Blending ancient Egyptian manufacturing techniques with the latest in 3D printing technology, there is now a way to "print" 3D objects made entirely from glass. Also known as additive manufacturing, the process uses an alumina-zircon-silica nozzle to build up items using layers of molten glass heated to more than 1,000C.
The breakthrough is called G3DP and was developed by the Mediated Matter Group at Massachusetts Institute of Technology. The molten glass is drawn from a chamber and drizzled out of the nozzle in layers, which slowly build up to form complete objects. Each layer is cylindrical, so while straight edges cannot be produced, the objects have a unique design to them.
Although the curved edges of each layer can't be changed, the manufacturing process can be tweaked to create different types of products, some with incredibly complex shapes. The obvious application for now is to create vases, bowls, candleholders and the like, as well as ornaments and drinking glasses.
The molten glass and "printer" can be adjusted to change how the final product looks. The Mediated Matter Group explains on its MIT website how the form, transparency and colour can be altered. Light transmission, reflection and refraction can also be changed. A selection of the objects produced will appear in an exhibition at the Smithsonian Design Museum in New York in 2016.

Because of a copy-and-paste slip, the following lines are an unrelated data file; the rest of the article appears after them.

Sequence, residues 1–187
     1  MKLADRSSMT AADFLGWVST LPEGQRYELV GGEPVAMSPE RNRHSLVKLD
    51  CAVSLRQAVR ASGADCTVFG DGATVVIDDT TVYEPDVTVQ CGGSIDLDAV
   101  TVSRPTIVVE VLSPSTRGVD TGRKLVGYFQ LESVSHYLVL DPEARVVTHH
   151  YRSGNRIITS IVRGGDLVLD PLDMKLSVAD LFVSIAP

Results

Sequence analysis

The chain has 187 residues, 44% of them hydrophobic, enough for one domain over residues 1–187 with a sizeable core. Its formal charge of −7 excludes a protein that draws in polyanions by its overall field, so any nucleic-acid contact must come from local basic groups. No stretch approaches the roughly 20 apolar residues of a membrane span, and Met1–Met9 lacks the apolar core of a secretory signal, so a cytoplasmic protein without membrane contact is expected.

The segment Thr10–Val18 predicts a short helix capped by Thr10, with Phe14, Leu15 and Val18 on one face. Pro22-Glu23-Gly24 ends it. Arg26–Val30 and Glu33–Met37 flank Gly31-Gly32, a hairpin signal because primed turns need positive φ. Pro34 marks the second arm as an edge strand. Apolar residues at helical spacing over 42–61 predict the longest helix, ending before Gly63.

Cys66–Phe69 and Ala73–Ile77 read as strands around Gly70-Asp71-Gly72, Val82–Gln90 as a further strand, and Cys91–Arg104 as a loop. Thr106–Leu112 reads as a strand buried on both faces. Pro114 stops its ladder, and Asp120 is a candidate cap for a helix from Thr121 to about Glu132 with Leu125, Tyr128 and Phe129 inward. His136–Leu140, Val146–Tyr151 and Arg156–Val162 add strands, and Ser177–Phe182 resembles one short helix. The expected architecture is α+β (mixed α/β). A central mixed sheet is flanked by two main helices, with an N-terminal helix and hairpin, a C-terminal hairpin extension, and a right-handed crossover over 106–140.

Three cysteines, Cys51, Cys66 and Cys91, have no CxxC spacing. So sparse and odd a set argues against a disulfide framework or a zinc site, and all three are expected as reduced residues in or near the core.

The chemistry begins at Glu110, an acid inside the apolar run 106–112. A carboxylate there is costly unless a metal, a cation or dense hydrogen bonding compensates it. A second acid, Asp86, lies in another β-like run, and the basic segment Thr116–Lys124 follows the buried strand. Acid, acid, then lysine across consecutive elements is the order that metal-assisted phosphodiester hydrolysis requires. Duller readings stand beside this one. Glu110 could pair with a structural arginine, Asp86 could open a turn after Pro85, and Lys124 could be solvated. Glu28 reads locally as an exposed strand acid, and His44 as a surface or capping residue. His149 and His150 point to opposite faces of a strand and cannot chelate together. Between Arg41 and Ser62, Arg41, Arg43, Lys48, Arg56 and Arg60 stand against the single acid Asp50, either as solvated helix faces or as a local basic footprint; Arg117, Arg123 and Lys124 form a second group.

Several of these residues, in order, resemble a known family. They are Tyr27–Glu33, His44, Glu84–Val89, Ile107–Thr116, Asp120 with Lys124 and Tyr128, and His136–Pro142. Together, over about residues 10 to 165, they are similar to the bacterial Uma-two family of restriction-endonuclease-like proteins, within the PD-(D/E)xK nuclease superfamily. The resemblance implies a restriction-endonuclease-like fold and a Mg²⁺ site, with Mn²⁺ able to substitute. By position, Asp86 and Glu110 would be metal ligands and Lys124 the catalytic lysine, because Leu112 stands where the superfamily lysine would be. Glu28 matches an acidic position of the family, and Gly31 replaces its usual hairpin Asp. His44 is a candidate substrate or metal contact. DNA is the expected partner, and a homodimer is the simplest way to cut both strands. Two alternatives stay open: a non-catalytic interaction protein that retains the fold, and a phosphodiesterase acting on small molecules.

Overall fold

Despite claiming to be the first group to c3D print glass in this way, additive manufacturing with glass is not new. Israeli-based Micro3DP revealed its ability to produce glass objects with 3D printing in June, which a Dutch firm called LUXeXcel boasted about created the world's first fully 3D-printed reading glasses – including the lenses – back in 2013.
No matter who came first, 3D printing is establishing itself as a hugely important part of the manufacturing industry. The UK government announced plans this summer to invest £100m into a new 3D printing research centre in Coventry.